What can you buy that lasts two hours and costs more than a week’s holiday in the sun? Watching your favourite band or artist perform live in a clammy arena could set you back a small fortune.
Ticket prices have been rapidly escalating for the past few years and it’s having a knock-on effect on the number of tickets getting sold. In the USA, the average price of a concert ticket during the first six months of last year was $46.69 which was over 4% higher than the average cost of a ticket for the same period last year, according to the latest figures from music industry magazine Pollstar.
Krueger, a professor of Economics and Public Policy in Princeton, New Jersey found that “The top 5 per cent of artists in 1982 generated 62 per cent of the revenue. Today, they’re generating 84 per cent of the revenue. More people are paying more to see the best.” The reason the world’s most successful artists and bands can opt to charge so much is because their music reaches fans all over the world. But interestingly, Krueger said he was interested to learn that Bruce Springsteen and the E Street Band has the same price range wherever he performs, and that this year his concert tour ticket price is $75. “That’s kind of a throwback to the days when high and low prices were the same,” he said.
He also discovered that genre played a part in hefty price tags for gigs and festivals; Jazz and Pop tickets tended to cost more than Reggae or Folk events. The four main reasons he found that may be behind the rapidly rising costs of tickets could be in increase in production charges, consolidation and job loss in the industry, the effects of digital and illegal music or even that tickets were too cheap to begin with. However, these prices don’t even take into account the fee that ticket touts or sites such as SeatWave or Viagogo may charge fans.
The Rolling Stones released tickets for their 50th anniversary tour last October, and outraged fans by making them fork out as much as £375 to see the Rock legends live. The band are said to be facing empty seats at many venues as their tour kicks off this month. Perhaps it was simply an overestimation of how eager Stones’ fans and how willing they are to fork out so much cash in such desperate economic times.
According to the Daily Mail, the band are set to rake in £15.7 million from their four gigs in the UK this year. The Editor in Chief of Classic Rock magazine, Scott Rowley calculated that the four original members of the band could earn an extortionate hourly rate of $781,250, which is approximately half a million pounds an hour. “The thing is that people will pay it. The Stones don’t tour that often so it’s still a special event, there’s the suggestion that this really could be the last time…” he said. “These ticket prices are like a tax on people who haven’t seen them yet.”
But perhaps Mr. Rowley doesn’t know his music fans as well as he thinks he does. More £55 tickets have been released on the band’s site Rollingstones.com to try and fill as many seats as possible. It appears the tour’s organisers and promoters have recognised the unjustified price tag was simply unaffordable for so many.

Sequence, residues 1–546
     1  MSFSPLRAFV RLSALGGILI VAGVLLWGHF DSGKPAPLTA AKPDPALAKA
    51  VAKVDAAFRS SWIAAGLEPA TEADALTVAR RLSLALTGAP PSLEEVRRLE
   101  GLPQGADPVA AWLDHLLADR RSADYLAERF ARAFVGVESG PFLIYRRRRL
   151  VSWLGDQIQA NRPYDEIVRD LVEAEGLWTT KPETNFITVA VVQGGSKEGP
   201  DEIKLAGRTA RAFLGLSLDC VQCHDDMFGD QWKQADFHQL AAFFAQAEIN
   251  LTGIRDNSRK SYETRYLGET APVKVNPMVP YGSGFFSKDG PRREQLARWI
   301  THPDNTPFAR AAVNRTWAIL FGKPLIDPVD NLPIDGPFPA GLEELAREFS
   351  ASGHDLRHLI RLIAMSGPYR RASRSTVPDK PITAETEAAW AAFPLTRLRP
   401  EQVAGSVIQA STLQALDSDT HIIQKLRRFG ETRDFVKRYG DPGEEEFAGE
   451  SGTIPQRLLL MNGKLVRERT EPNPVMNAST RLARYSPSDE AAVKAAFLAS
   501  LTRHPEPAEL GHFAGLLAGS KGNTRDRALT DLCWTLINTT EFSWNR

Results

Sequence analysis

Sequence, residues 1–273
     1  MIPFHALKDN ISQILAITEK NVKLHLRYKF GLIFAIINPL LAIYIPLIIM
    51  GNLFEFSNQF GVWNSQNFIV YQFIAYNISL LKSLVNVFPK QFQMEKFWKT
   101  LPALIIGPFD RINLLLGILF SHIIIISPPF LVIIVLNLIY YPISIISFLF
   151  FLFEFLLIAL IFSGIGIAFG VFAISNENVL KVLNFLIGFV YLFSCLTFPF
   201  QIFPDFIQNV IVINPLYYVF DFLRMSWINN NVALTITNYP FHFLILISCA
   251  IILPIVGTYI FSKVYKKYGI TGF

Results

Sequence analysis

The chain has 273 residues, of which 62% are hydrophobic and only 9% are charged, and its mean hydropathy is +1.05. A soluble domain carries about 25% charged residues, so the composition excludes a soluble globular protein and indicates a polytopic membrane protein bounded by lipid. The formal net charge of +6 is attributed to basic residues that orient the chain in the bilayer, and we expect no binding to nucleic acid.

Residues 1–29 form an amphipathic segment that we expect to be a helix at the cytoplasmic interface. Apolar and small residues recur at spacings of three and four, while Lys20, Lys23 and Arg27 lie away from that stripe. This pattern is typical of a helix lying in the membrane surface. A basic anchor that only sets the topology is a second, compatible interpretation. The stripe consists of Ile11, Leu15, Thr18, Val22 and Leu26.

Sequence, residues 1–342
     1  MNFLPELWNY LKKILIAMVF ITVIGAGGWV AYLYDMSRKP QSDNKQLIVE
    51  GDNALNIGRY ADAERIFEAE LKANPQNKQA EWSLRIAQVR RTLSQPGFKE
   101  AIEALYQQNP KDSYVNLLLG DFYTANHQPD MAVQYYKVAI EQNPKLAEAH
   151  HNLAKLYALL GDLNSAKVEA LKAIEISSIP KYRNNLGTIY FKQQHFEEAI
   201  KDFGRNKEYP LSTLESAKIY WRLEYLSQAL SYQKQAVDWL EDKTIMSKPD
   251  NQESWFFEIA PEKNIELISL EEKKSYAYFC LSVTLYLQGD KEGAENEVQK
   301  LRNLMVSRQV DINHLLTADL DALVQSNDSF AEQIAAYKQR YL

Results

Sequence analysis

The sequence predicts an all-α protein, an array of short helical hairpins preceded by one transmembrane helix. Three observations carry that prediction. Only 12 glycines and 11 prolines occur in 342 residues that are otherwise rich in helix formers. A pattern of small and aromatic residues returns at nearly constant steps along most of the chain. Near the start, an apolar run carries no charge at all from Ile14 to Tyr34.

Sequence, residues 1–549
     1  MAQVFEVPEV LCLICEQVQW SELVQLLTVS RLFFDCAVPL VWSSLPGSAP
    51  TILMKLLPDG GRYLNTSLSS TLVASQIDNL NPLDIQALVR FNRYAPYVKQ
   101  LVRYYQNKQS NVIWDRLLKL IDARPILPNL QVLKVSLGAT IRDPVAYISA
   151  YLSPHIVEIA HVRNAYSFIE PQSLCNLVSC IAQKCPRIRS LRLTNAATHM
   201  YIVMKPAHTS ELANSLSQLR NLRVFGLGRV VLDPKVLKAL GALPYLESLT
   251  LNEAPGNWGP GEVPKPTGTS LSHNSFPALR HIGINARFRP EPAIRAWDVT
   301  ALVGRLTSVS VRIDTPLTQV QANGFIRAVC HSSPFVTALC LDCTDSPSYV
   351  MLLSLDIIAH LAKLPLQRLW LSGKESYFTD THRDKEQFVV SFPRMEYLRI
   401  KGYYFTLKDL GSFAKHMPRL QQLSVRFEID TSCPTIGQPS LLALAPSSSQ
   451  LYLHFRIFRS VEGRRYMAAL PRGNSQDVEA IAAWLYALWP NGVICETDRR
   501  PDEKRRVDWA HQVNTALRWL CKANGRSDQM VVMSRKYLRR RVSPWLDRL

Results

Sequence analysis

Cut backs in the music industry, just like so many other sectors today, mean that events such as festivals are suffering substantially too. Both last year and this, Sonisphere festival was cancelled in the UK due to lack of interest. However, Sonisphere 2013 will visit mainland Europe. Hop Farm festival has also been cancelled this year because of poor ticket sales despite the fact that it was due to be headlined by My Bloody Valentine and Rodriguez. Ten thousand tickets were released for this year’s Kent based festival in spite of its organisers making a loss in 2012.
The turmoil in the economy can be seen on a daily basis and has cast its dark shadow over the entire consumer industry including the music sector. Those cagey booking and transaction fees often reach 20% to the ticket’s original face value. Perhaps it’s to cover the intense competition in the musical marketplace where it is perfectly acceptable for the world’s biggest stars to request extravagant wages to perform.
Over the past twenty years, festivals in particular have undergone a startling transformation, becoming less disordered awash with phone-charging points, gourmet food options and even plumbing, which makes use of much of the festival organisers’ income. Along with fire safety, policing, general security, health and safety maintenance and sanitation, festivals are far less chaotic and far more systematic than ever before.
Concerts and festivals, which were once fairly-priced treats, have now become exclusive luxuries reserved for those with the highest incomes. As the world’s economy keeps struggling, the music industry is bound to do the same in tandem and everyone involved with the organisation and maintenance of festivals, events and concerts from roadies, to lighting technicians, artists and security needs to be paid for their services. Unfortunately, those who compensate for this are those who are music lovers who are willing to financially sacrifice for seeing their favourite artists live.